BN: Celery Apium graveolens. AKA 芹菜 (qíncài). There are 3 very different types of celery —Pascal (Apium graveolens var. dulce), Leaf ( Apium graveolens var. secalinum) and Celeriac (Apium graveoliens var. rapaceum). Parts used are seeds, leaves, and essential oils.
Carbohydrates, flavonoids, alkaloids, and steroids, limonene, selinene, frocoumarin glycosides, flavonoids, and vitamins A and C ¹
(Disclaimer) Celery can prevent cardiovascular diseases, jaundice, liver and lien diseases, urinary tract obstruction, gout, and rheumatic disorders.¹ Celery reduces glucose (diabetes), blood lipids, and blood pressure.¹ Study show that celery has anti-fungal, anti-inflammatory, and antibacterial.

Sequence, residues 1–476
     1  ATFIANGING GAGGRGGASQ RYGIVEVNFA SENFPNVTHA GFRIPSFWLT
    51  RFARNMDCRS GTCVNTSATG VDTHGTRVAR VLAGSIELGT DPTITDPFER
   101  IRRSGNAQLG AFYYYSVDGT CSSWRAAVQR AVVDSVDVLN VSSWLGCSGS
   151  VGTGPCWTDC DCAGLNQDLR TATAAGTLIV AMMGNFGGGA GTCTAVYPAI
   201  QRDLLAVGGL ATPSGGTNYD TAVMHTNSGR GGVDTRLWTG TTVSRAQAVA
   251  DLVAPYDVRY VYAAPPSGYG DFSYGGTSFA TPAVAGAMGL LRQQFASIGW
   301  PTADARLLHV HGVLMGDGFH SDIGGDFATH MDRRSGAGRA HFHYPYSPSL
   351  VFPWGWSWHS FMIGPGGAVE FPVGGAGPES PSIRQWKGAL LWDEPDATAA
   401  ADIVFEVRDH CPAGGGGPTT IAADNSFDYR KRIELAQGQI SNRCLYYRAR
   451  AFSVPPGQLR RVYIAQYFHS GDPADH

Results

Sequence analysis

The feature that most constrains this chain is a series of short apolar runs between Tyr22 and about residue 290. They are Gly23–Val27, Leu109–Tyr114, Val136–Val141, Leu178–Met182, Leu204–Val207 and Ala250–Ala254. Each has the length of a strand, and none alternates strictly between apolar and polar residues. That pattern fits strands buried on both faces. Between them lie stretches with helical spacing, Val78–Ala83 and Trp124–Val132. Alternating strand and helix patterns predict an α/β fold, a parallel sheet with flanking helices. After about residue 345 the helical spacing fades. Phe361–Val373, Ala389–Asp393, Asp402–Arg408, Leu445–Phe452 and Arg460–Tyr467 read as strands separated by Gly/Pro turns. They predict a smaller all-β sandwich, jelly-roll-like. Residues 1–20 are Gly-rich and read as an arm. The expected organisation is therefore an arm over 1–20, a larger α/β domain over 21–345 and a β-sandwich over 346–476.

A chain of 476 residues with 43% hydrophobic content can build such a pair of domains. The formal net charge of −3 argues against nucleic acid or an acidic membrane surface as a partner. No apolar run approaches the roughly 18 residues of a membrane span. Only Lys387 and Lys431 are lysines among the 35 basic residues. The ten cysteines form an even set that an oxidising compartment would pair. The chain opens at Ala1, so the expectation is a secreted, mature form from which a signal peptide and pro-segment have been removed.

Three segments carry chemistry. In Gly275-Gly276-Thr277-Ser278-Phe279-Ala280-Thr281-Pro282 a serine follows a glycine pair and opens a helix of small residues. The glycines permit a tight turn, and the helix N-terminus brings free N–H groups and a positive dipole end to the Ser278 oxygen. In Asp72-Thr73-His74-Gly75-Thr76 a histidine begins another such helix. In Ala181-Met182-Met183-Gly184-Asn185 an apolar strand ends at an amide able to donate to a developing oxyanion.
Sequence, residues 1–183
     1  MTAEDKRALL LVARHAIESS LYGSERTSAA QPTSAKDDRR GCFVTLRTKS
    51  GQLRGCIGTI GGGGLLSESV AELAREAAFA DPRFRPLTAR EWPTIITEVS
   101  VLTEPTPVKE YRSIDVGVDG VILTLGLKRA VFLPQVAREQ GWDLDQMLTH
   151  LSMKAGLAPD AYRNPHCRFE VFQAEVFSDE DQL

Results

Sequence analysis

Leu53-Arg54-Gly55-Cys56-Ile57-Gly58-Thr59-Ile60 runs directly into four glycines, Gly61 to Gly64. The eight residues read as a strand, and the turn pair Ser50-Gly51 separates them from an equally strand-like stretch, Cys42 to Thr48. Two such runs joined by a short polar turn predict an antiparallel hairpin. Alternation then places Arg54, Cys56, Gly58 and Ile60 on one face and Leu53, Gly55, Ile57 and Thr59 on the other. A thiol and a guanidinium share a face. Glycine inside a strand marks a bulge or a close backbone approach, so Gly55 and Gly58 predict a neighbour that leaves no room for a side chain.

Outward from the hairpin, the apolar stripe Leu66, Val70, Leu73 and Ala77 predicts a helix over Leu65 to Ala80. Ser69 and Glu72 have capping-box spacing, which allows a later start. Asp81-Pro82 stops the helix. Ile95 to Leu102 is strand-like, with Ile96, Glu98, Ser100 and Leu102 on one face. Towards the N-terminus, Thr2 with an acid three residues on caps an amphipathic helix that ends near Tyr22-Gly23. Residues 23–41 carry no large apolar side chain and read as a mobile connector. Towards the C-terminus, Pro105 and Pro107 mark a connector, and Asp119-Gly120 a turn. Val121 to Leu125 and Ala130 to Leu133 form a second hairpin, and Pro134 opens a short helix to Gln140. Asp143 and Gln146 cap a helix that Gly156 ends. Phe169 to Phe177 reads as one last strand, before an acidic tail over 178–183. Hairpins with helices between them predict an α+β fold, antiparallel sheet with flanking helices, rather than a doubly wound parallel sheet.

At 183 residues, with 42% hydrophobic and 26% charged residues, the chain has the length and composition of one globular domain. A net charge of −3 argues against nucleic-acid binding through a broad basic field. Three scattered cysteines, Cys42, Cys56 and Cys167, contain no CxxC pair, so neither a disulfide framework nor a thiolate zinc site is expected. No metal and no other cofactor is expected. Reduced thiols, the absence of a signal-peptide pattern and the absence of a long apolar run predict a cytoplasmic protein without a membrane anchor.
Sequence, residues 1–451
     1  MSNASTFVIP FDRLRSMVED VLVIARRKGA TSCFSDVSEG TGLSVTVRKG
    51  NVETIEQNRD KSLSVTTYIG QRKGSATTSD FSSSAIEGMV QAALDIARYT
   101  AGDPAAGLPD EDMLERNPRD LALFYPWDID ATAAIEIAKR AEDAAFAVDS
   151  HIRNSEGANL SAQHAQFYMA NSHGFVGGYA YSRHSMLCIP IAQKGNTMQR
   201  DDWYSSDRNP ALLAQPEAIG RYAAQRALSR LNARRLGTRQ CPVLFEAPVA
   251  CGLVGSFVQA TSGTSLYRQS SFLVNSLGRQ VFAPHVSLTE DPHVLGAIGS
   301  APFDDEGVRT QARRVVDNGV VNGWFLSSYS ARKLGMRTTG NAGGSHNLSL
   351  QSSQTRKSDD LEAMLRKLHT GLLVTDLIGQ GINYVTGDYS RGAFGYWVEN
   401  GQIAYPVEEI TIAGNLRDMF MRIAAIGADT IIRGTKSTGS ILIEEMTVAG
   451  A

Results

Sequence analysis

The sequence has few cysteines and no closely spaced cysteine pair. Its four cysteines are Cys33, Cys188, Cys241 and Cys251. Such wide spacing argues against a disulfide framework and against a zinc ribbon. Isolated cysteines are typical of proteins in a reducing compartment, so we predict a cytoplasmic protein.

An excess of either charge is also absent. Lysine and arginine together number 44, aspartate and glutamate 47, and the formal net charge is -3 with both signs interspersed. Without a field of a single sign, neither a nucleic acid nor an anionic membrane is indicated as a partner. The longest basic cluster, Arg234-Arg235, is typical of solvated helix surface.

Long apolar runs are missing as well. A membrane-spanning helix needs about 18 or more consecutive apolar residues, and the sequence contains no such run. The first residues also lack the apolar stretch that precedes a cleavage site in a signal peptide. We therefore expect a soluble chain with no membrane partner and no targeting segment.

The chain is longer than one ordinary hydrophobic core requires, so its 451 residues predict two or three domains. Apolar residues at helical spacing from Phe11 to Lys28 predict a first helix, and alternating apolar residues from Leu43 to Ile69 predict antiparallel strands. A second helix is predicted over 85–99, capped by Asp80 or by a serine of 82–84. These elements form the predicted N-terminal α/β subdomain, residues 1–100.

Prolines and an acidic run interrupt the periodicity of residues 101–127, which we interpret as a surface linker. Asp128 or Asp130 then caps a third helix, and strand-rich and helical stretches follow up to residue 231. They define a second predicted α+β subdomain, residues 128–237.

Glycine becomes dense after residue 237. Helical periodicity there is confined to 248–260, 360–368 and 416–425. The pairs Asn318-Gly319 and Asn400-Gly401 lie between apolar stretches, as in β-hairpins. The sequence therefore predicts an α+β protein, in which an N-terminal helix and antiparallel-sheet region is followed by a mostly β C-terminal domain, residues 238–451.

LWT – Food and Science Technology found that steaming celery is best way to maintain the antioxidants. Boiling and blanching can lead to about 40% loss in antioxidants. Eating it raw is the best way to preserve the vitamins and phytochemicals.
TYPES OF CELERY
Pascal — AKA Giant Pascal Celery, Winter King, or Pascal Giant Celery, is the celery typically used for its stocks.
Celeriac — is harvested for its enlarged root. The root can be cooked or eaten raw. Popular in German and Italian cooking.
Celery performs best between 50 and 75 degrees Fahrenheit.
Leaf celery/ Chinese celery - hardiness zones 5a through 8b.
Celeriac - hardiness zones 8 and 9. Requires 100 to 120 days for the root to mature.
Pascal - hardiness zones 2 through 10. Mature in 105 to 130 days.
I've use both the leaf and pascal celery in recipes. My favorite is juicing pascal with apple and carrot juice - a delicious blend. If you want to clean out your system, this juice will have you making multiple trips to the bathroom.